- Sympathy, Madness, and Crime: How Four Nineteenth-Century Journalists Made the Newspaper Women's Businessby Karen Roggenkamp, and: Women, Work and the Victorian Periodical: Living by the Pressby Marianne Van Remoortel
Since at least the 1970s, literary scholars have engaged in an ongoing project of recovery that has placed neglected women writers within their historical contexts in order to restore their cultural value and, in some cases, bring them into the literary canon. The nineteenth century has been a particularly vital period for this work as scholars of both British and American literature such as Nina Baym, Sandra Gilbert, Susan Gubar, Elaine Showalter, and Jane Tomkins have demonstrated. More recent studies such as Susan Coultrap-McQuin's Doing Literary Business: American Women Writers in the Nineteenth Century(1990) and Linda H. Peterson's Becoming a Woman of Letters: Myths of Authorship and Facts of the Victorian Market(2009) have not only brought forgotten women authors to our attention but have also mapped the techniques and networks they developed to get their work published. Most of this scholarship has focused on fiction writing, though there are notable exceptions that examine women's work as magazine editors and newspaper reporters, including Barbara Onslow's Women of the Press in Nineteenth-Century Britain(2000), Michelle Elizabeth Tusan's Women Making News: Gender and Journalism in Modern Britain(2005), Jean Marie Lutes's Front-Page Girls: Women Journalists in American Culture and Fiction, 1880-1930(2007), and Beth Palmer's Women's Authorship and Editorship in Victorian Culture: Sensational Strategies(2011). Increasingly, scholars are considering the women who toiled anonymously to produce non-fiction essays, needlework patterns, illustrations, and investigative reports for the mass market. Karen Roggenkamp's Sympathy, Madness, and Crime: How Four Nineteenth-Century Journalists Made the Newspaper Women's Businessand Marianne Van Remoortel's Women, Work and the Victorian Periodical: Living by the Pressare welcome [End Page 206]contributions to our understanding of the legions of women who published in popular periodicals.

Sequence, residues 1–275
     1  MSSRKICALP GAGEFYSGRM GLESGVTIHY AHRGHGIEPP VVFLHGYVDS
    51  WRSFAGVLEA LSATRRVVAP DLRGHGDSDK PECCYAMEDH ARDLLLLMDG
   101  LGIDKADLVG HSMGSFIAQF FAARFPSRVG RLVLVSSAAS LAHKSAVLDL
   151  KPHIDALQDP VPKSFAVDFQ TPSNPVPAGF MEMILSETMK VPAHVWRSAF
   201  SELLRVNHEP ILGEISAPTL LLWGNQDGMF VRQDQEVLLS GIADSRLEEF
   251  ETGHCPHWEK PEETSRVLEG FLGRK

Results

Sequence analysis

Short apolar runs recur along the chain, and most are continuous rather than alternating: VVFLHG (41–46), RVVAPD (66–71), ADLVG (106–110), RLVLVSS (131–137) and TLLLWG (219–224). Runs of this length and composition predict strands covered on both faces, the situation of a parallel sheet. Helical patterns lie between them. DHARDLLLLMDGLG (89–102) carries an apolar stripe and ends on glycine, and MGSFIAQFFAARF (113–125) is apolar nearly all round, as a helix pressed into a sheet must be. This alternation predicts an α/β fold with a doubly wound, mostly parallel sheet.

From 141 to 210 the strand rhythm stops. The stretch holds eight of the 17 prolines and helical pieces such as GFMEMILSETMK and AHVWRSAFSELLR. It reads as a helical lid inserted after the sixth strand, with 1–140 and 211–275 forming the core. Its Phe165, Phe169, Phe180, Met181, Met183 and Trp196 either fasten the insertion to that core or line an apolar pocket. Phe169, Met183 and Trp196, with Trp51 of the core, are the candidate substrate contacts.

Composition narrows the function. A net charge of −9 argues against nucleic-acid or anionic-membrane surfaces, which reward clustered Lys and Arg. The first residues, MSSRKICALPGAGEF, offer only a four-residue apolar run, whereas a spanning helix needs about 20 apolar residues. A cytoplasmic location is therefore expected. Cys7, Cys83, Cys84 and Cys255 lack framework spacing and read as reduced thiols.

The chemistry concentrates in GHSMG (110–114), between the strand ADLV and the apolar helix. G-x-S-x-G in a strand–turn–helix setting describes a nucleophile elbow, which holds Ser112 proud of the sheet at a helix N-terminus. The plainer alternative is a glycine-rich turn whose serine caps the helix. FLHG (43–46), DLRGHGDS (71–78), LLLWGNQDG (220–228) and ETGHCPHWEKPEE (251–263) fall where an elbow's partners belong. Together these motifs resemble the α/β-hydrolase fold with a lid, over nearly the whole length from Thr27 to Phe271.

In her book, Roggenkamp provides a succinct and compelling account of the rhetorical strategies used by both well-known and more obscure women journalists. Focusing on Margaret Fuller, Fanny Fern, Nellie Bly, and Elizabeth Jordan, she explores the ways in which they struggled to make their writing about women palatable to newspaper editors and readers. The book begins with a useful discussion of the challenges women journalists faced in the rough-and-tumble newspaper industry. Even though the United States "boasted the world's highest newspaper circulation," women's contributions lagged well behind men's until the 1880s and 1890s (p. 3). The late century wars between media moguls William Randolph Hearst and Joseph Pulitzer spurred the hiring of more women contributors as a way to attract a wider audience. Roggenkamp offers interesting insights into how women used "highly gendered sympathetic language" to "excavate professional space within a masculinized landscape" (pp. 6, 5).
Fuller was hired by Horace Greeley in 1844 to write for the New-York Tribune, which focused on the arts and social reform. In Fuller's reporting on Bloomingdale Asylum, Tombs Prison, Blackwell's Island Asylum, and Sing-Sing Prison, she advocated for more charitable treatment of inmates. According to Roggenkamp, Fuller "characterizes fiction reading as a luxury, a pointless exercise of pity" while contending that the "characters she draws … would actually benefit from the reader's tears" (p. 48). Roggenkamp argues that Fuller used the "language of sympathy" not only to help imprisoned or entrapped women but also to "speak as a woman with authority" (p. 52). Fern, likewise, used sympathy to her advantage in her writing for the mass-market paper the New York Ledger. Fern "became the highest-paid newspaper writer in America," as her contributions helped the...